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BUSH CLAIMS TO NEVER SAY IRAQ WAS "IMMINENT THREAT"
from the Daily Mis-lead
January 28, 2004

Facing mounting pressure over charges that the White House deliberately misled the American people about Iraq's WMD, President Bush is now claiming that U.N. weapons inspectors were not allowed into Iraq before the war. Yesterday, the pesident said, Iraq "chose defiance. It was [Saddam's] choice to make, and he did not let us in."

But U.N. weapons inspections led by Hans Blix began on November 27th, 2003, as noted by the State Department at the time. Over the course of the next five months, those inspections found "little more than 'debris'" from a WMD program that had long since been destroyed. The weapons inspectors were forced to leave when Bush ordered the invasion of Iraq. President Bush then "refused to permit the U.N. inspectors to return to Iraq."

When asked about the issue yesterday, White House spokesman Scott McClellan claimed the entire WMD issue was unimportant because the Bush Administration had never said Iraq was a threat. He said, "the media have chosen to use the word 'imminent'" to describe the Iraqi "threat" - not the Bush Administration.

But the record shows the Administration repeatedly said Iraq was an "imminent threat." On May 7th, less than a week after the president announced the end of major combat operations, White House spokesman Ari Fleischer was asked, "Didn't we go to war because we said WMD were a direct and imminent threat to the U.S.?" He replied, "Absolutely." Similarly, in November 2002, Secretary of Defense Donald Rumsfeld said, "I would look you in the eye and I would say, go back before September 11 and ask yourself this question: Was the attack that took place on September 11 an imminent threat the month before or two months before or three months before or six months before? When did the attack on September 11 become an imminent threat? Now, transport yourself forward a year, two years or a week or a month...So the question is, when is it such an immediate threat that you must do something?" Most notably, Vice President Cheney said two days after President Bush's 2003 State of the Union that Saddam Hussein "threatens the United States of America."

BUSH'S WMD MISLEADING CONTINUES TO ESCALATE
Jan. 29, 2004

Faced with evidence that no WMD existed in Iraq before the war, President Bush is citing different rationales for going to war. He said this week that the war was justified because "the world is a better place without Saddam Hussein." The president's recent statements, however, are belied by what he's said in the past. A look at the historical record shows President Bush justified an invasion of Iraq by making unequivocal statements that Saddam Hussein possessed WMD that threatened all Americans, even claiming that inspectors had found WMD when they had not.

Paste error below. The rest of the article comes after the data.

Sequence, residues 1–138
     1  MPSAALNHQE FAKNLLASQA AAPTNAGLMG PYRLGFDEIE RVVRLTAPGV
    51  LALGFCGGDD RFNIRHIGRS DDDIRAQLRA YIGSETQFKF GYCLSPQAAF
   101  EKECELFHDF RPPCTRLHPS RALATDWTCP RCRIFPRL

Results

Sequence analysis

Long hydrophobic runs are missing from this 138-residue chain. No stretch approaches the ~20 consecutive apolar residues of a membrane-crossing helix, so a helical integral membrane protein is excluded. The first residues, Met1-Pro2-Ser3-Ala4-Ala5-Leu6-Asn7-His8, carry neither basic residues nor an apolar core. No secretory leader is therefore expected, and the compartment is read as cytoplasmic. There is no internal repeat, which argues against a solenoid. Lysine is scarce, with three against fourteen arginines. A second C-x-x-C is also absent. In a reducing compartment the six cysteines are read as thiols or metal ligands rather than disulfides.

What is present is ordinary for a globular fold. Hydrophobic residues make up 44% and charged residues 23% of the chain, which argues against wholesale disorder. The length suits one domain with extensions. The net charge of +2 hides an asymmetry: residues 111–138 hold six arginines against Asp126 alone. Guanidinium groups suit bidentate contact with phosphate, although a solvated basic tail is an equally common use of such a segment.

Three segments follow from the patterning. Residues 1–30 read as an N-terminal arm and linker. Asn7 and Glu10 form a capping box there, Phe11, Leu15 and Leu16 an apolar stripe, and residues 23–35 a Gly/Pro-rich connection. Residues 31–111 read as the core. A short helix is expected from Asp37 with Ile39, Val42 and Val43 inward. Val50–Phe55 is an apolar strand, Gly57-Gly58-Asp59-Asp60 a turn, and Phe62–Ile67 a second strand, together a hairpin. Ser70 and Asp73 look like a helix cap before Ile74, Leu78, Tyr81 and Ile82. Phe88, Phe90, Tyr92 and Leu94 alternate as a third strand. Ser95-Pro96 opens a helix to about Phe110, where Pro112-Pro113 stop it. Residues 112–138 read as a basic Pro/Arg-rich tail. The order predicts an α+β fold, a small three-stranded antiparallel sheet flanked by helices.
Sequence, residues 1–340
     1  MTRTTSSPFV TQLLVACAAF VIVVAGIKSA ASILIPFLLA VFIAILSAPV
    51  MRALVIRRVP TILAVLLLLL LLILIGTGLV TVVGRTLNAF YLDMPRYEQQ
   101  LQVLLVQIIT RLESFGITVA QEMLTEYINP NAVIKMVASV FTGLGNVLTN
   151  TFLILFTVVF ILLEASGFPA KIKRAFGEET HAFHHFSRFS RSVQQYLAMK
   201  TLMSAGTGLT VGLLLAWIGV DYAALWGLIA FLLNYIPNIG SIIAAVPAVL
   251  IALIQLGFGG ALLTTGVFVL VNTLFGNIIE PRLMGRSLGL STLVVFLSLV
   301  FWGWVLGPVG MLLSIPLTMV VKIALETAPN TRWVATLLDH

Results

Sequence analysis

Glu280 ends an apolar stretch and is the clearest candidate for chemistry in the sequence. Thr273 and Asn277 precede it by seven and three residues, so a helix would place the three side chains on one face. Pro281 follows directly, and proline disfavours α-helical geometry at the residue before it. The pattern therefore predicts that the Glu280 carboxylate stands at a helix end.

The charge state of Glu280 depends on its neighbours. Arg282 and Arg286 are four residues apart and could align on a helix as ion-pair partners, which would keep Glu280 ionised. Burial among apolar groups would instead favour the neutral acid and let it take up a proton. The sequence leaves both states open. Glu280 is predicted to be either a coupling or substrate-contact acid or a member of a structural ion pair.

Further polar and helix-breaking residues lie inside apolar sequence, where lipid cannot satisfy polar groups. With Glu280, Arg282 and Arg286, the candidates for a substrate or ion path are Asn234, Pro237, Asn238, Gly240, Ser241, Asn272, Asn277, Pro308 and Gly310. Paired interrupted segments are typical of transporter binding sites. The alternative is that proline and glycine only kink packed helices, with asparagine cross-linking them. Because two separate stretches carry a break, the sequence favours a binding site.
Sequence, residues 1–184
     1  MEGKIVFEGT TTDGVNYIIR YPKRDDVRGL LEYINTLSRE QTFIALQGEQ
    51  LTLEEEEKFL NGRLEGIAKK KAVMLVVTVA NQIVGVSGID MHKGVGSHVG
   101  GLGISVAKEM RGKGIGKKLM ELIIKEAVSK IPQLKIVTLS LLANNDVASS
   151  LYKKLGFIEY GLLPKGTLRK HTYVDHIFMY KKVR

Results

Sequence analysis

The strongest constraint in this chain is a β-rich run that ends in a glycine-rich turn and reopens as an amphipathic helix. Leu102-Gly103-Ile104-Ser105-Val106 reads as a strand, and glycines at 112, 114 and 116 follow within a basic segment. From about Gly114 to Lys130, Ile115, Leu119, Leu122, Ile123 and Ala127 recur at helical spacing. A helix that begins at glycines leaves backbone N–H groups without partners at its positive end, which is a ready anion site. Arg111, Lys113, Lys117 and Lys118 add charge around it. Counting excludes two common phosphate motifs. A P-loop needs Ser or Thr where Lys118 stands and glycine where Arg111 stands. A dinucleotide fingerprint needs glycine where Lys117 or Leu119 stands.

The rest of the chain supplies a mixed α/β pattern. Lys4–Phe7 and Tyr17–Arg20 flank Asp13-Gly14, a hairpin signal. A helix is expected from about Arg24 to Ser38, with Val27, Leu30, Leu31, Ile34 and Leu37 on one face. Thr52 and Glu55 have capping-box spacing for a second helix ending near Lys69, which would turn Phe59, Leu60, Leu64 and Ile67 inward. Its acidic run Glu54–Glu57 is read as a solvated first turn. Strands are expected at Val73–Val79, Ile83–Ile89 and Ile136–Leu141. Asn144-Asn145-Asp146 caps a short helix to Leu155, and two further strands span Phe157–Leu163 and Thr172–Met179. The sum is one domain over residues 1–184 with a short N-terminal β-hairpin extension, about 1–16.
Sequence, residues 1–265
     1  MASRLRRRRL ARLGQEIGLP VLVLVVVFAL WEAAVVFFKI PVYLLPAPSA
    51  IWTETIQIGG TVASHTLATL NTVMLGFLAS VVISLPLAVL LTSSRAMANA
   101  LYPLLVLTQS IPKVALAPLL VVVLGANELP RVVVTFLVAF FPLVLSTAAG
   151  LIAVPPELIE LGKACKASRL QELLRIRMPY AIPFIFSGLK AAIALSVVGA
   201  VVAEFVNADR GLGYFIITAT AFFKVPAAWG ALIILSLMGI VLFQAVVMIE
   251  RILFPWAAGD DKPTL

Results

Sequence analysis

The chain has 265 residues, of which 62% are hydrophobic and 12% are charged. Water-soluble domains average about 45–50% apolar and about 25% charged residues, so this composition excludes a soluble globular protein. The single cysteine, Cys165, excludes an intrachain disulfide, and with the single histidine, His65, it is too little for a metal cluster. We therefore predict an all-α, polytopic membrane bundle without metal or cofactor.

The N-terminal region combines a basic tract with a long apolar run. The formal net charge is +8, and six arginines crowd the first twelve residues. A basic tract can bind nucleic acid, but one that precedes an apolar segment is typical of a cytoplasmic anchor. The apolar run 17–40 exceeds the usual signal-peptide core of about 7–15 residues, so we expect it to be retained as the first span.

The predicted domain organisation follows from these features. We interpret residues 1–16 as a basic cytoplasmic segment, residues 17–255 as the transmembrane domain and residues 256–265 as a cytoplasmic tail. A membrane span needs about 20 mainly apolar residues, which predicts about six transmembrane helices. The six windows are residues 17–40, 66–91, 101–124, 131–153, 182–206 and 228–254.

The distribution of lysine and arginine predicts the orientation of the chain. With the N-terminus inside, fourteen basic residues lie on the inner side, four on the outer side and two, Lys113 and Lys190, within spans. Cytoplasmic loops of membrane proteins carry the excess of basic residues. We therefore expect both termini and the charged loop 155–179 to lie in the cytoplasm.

On November 23, 2002, President Bush said a war was justified because there was "an urgent threat posed by Iraq whose dictator has already used weapons of mass destruction to kill thousands." In early January 2003, President Bush said, "The Iraqi regime is a threat to any American. They not only have weapons of mass destruction, they used weapons of mass destruction...That's why I say Iraq is a threat, a real threat." And in his speech announcing the invasion, President Bush said the war was justified because Americans were "living at the mercy of an outlaw regime that threatens the peace with weapons of mass murder." None of these assertions have since been substantiated.

The president and his advisers had been warned repeatedly in the fall of 2002 by the intelligence community, including the CIA and Defense Intelligence Agency, that the WMD case was weak. However, ten days after the war began, Secretary Rumsfeld asserted the U.S had pinpointed the location of WMD, saying, "We know where they are. They are in the area around Tikrit and Baghdad and east, west, south and north somewhat." Less than two months later, President Bush went on television to claim that WMD had been found, saying, "we found the weapons of mass destruction" - an assertion that was false. Asked a follow-up question, the president again contended they'd been found, saying, "For those who say we haven't found [them], they're wrong, we found them." The statement has not been repeated since by the Administration or supported by the Iraq Survey Group's months-long search for WMD.

Independent observers are speaking out about the administration's pre-war assertions on Iraq versus the reality that's emerging. The respected Carnegie Endowment for International Peace wrote that the administration "systematically misrepresented the threat" from Iraqi weapons of mass destruction. The Army War College called the war "unnecessary," and the President's own Foreign Intelligence Advisory Board believes the White House was so desperate "to grab onto something affirmative" to demonstrate Iraq's weapons that it ignored intelligence reports undermining that claim.

Watch MoveOn.org's new video for more on the president's misleading of America on Iraq.

Topplebush.com
Posted: January 31, 2004

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